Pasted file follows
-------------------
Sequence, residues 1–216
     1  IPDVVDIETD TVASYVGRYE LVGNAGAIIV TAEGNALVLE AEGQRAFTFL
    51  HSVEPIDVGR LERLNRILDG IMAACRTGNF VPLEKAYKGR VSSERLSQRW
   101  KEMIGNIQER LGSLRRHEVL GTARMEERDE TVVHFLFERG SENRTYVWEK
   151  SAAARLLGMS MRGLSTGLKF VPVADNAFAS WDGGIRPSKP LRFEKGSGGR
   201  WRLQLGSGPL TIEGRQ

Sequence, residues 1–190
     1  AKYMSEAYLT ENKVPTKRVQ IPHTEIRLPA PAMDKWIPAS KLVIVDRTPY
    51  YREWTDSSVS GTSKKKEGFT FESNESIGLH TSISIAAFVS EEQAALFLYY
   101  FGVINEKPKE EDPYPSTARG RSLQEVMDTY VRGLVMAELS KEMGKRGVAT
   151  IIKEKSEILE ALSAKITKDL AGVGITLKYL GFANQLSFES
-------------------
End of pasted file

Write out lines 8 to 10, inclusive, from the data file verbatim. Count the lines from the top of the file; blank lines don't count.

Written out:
     1  AKYMSEAYLT ENKVPTKRVQ IPHTEIRLPA PAMDKWIPAS KLVIVDRTPY
    51  YREWTDSSVS GTSKKKEGFT FESNESIGLH TSISIAAFVS EEQAALFLYY
   101  FGVINEKPKE EDPYPSTARG RSLQEVMDTY VRGLVMAELS KEMGKRGVAT